The body mass index (weight in kg divided by the square of someone’s height in metres) is well-established as a marker for health. Generally speaking, we’re told that BMIs of 18.5 are “normal” and “healthy”, while those of 25.0-29.9 are “overweight”, and those 30 and above mark people out as “obese” There’s a number of problems with the BMI, though, not least of all that that they tell us nothing about the composition of the body. So, it’s possible to bit fit, healthy and well-muscled, and have a BMI that classifies you as overweight and even obese Also, you can be frail, have low muscle mass, and be classified as healthy. Using the BMI to judge health is therefore, largely, a nonsense.
Another issue with the body mass index is that it tells us nothing about the distribution of weight (specifically, fat) in the body. This is important because there has been growing recognition of the fact that weight around the middle (particularly weight packed in and around the inside of the abdomen) has strong links with diseases such as heart disease and type 2 diabetes. On the other hand, weight under the skin, say on the legs or arms, does not seem to be a particular risk factor for ill-health.
The fact that abdominal fat has been identified as a marker for ill-health has led to increasing popularity of measures of abdominal fat such as the “waist circumference” and the “waist-to-hip ratio”. This is all good, I think, but as a recent paper points out, such measurements are only generally used in individuals who are branded “overweight” or “obese” on the basis of their BMI .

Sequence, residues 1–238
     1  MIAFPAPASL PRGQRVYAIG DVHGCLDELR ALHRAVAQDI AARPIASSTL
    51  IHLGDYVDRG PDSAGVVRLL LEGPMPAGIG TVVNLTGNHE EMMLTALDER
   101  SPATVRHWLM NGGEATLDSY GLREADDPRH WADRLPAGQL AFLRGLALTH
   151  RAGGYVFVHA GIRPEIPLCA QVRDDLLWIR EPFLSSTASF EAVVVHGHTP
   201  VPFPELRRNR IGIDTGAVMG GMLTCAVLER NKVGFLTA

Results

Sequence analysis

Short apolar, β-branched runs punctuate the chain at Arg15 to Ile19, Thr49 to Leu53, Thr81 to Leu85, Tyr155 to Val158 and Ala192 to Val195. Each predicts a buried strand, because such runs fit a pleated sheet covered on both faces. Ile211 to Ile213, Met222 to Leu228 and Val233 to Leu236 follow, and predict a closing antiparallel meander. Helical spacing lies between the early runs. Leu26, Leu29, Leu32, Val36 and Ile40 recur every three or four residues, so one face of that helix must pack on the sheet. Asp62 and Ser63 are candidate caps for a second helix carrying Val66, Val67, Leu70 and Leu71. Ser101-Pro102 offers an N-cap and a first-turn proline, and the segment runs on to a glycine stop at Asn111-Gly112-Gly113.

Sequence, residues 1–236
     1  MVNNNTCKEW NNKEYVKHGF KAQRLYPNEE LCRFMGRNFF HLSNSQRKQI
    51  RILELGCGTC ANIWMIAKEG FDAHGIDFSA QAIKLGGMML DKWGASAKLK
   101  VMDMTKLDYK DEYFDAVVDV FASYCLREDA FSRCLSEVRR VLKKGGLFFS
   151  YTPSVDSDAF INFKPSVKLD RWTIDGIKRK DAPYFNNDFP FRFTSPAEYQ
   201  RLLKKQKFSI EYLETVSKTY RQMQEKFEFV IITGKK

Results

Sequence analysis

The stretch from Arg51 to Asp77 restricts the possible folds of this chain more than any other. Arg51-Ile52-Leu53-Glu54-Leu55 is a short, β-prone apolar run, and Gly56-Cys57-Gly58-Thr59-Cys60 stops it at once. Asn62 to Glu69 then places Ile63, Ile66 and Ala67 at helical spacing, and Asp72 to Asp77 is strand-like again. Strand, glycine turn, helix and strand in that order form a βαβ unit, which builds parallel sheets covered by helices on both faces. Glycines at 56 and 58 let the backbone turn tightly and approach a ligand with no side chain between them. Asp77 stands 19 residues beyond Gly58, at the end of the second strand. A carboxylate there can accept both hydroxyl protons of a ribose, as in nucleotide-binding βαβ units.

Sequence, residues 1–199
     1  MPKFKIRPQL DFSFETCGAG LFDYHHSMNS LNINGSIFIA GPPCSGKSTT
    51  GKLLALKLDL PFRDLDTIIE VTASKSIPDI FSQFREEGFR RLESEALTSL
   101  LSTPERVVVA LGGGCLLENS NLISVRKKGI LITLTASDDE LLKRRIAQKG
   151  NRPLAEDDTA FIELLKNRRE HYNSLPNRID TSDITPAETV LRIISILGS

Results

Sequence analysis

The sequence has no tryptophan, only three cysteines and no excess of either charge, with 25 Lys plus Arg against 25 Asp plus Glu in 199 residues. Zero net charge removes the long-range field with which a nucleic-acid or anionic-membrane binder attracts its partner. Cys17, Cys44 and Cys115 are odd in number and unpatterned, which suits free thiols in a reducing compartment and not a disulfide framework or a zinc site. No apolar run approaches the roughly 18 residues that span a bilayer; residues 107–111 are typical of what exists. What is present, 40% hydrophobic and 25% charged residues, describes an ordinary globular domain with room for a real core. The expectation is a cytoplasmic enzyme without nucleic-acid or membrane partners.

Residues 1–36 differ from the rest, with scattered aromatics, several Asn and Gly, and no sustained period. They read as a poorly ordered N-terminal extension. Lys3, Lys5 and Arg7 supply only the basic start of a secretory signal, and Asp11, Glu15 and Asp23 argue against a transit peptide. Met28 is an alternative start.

The authors of this study set about seeing what value the waist circumference was in predicting risk of developing diabetes in those of “normal” BMI. And they also compared the apparent risk to those considered “overweight” and “obese”, but whose waist circumference was not particularly expanded. The researchers followed more than 25,000 men and women aged 35-65 over and average of 8 years.
In men, median waist circumference was 94 cm (37 inches). In women, it was 78.5 cm (31 inches). In both men and women, lowest risk for diabetes was seen in those with waist circumferences below the median who also had a BMI value of less than 25 (“healthy”).
In men, compared to the low risk group, those with lower waist circumference but “overweight” BMIs were, on average, 2.26 times more likely to develop type 2 diabetes.
Those with higher waist circumferences and “overweight” BMIs were almost 5 times more likely to develop type 2 diabetes.
But what about those with “healthy” BMIs and higher waist circumferences? These individuals were, on average, 3.62 times more likely to develop diabetes.
And it was a similar story in women: Women with lower waist circumferences and “overweight” BMIs were not found to be at a statistically significant increased risk of diabetes.
However, those with higher waist circumferences and “healthy” BMIs were 2.74 times more likely to develop diabetes than those with “healthy” BMIs and lower waist circumferences.
Here are a couple of quotes from the authors of this study:
“The relative risk (RR) of developing type 2 DM [diabetes mellitus] among persons of low or normal weight (BMI <25) who had a large waist circumference was at least as high as that among overweight persons (BMI 25.0-29.9) with a small waist circumference.”
“These findings imply that the waist circumference is an important additional piece of information for assessing the risk of type 2 DM, particularly among persons of low or normal weight.”
To my mind, this study highlights the importance of focusing on keeping the body free of excess fat around the middle (not weight or BMI). It’s one of the reasons I wrote my latest book Waist Disposal.
1. Feller S, et al. Body mass index, waist circumference, and risk of type 2 diabetes mellitus. Dtsch Arztebl Int 2010;107(26):470-6